So. Much. To. Do. Respond to the phone calls, emails, and the ping of texts. Feed the cat. Pay the bill. Find the kid. Alright, I found him! Did I finish that one thing? What was it, again? Ugh. Why can’t I remember anything? I swear, I need to make a reminder for everything, including writing a reminder to myself. I’ve got a headache, and there’s no ibuprofen. Add it to the list.
Not a single person says that parenting is a breeze.
And no one ever prepares you for it. Not your mom, dad, friends, teachers, or freakishly wise parenting blogs. Not even Siri can tell you exactly how to be a “good parent.” Trust me. I asked.
If it’s one thing I’m learning along the way, it’s to be gentle with myself when I make mistakes. To accept my limits. To be enough. It’s my knee-jerk reaction to be my own worst enemy.
Take, for example, Halloween.
Ah, yes, the holiday where children’s candy-eating habits provide a dentist’s next mortgage payment. This particular event I took my son to was held at Miracles in Motion Therapeutic Equestrian Center in Swisher. It was a fun-filled event with a horse parade, crafts, candy, miniature ponies, more candy, and a bouncy house. Tons of things to do!
The bouncy house caught his attention right away. Parents weren’t allowed to join so I gently encouraged him to give it a try. His bright smile revealed his adorable dimple as the other children jumped around and laughed. He stood there cautiously curious. It took him fifteen minutes to inch his way three feet, and he never made it inside.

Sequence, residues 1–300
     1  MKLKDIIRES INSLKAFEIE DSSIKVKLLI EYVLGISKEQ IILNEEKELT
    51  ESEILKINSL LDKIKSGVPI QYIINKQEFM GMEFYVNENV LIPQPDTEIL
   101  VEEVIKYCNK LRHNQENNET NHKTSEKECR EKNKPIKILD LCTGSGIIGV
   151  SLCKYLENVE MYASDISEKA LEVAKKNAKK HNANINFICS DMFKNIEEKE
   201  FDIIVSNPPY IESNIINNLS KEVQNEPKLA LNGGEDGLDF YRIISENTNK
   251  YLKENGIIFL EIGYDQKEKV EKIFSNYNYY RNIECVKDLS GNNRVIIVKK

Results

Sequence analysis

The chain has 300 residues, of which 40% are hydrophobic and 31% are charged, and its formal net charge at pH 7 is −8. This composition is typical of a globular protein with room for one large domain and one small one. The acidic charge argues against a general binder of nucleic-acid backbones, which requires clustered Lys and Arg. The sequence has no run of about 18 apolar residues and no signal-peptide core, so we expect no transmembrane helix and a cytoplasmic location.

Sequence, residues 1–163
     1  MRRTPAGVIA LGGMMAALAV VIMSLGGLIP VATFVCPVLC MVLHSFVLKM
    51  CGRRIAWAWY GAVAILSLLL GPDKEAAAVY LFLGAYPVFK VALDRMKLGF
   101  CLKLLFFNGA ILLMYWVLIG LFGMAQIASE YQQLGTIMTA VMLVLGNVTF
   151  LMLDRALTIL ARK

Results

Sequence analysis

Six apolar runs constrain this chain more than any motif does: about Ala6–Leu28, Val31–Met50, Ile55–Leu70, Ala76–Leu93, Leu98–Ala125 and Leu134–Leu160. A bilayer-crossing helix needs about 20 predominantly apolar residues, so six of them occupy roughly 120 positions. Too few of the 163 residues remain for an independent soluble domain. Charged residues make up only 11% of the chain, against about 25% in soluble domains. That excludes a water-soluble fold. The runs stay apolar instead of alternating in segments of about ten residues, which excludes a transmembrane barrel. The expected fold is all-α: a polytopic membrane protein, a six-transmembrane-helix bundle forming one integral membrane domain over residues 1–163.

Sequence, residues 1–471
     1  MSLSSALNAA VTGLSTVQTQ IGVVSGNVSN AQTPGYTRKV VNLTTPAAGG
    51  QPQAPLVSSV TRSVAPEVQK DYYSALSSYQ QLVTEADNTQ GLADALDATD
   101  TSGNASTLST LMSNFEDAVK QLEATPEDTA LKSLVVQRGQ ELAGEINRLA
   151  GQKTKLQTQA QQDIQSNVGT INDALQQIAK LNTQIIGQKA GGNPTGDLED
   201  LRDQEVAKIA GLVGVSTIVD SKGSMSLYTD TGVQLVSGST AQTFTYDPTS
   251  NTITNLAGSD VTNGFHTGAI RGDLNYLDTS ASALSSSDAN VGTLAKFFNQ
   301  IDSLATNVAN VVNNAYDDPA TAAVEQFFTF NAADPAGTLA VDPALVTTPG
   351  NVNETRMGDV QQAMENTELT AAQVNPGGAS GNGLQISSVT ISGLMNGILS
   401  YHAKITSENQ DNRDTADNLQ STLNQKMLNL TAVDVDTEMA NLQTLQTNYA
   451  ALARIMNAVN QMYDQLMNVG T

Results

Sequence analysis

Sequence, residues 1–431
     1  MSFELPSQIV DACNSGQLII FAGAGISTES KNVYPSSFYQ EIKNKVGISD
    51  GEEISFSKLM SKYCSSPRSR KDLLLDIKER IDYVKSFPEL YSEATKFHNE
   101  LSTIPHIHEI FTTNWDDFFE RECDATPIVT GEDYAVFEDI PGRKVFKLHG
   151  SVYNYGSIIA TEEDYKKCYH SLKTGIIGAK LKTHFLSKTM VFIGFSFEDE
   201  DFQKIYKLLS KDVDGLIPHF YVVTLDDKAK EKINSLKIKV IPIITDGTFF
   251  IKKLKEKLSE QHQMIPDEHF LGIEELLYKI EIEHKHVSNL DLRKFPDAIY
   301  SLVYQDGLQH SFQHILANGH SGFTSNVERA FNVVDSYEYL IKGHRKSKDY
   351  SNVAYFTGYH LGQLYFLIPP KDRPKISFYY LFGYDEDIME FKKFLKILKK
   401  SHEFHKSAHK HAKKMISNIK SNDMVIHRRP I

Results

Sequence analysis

Every part of me wanted to swoop him up and set him down inside the playful primary bungalow. “Jump! Jump! Weeeee! You can do it! Woohoooooo!” I knew how fun it was. But to the mind of a three-year-old, this could be a colorfully deceptive kid trap.
Alright, well… time to press on. There’s a lot to do.
Horses wearing costumes – he’ll want to see that. Nope. He didn’t even notice them. But what he did notice were the drain pumps, dandelion seeds, creaky door hinge, landscaping bricks, and the tuft of fuzz on another kid’s costume. He kindly removed it.
He led the way and I followed. Hung along the fences were orange buckets filled with candy. Candy! We ran as fast as our legs could as if the bouncy house grew its own pair of legs and chased us. Candies in hand, we sat beneath the shade of a tree that felt like our very own.
When it was time to leave, he wanted one more piece of candy for the road. I said “No more. That’s enough.”
Spoiler alert: He cried. And I felt like the worst mom ever.
I picked him up, and carried him back to the car, walking past others in a walk of shame. That “Mom Walk of Shame” is brutal. Does everyone around me think I’m terrible? Did I ruin the day for him? Why didn’t I just let him have one last piece of candy?
As these questions of self-doubt flood my mind, I turn around to see that he’s 100% passed out in his car seat, like a toddler that had too much fun.
At that moment I realized that he had what he needed.
He didn’t need all the parades, crafts, candies, or bright and festive entertainment. He simply yearned for my attention and connection.
I look over the to-dos on my list.
Respond to that email. Check.
Work in a free moment to schedule that tire rotation. Check.
Pack a lunch while preparing breakfast. Check.
The last thing, and possibly the hardest to end each day with.
Was I enough?
And I’m grateful to cross that one off my list.
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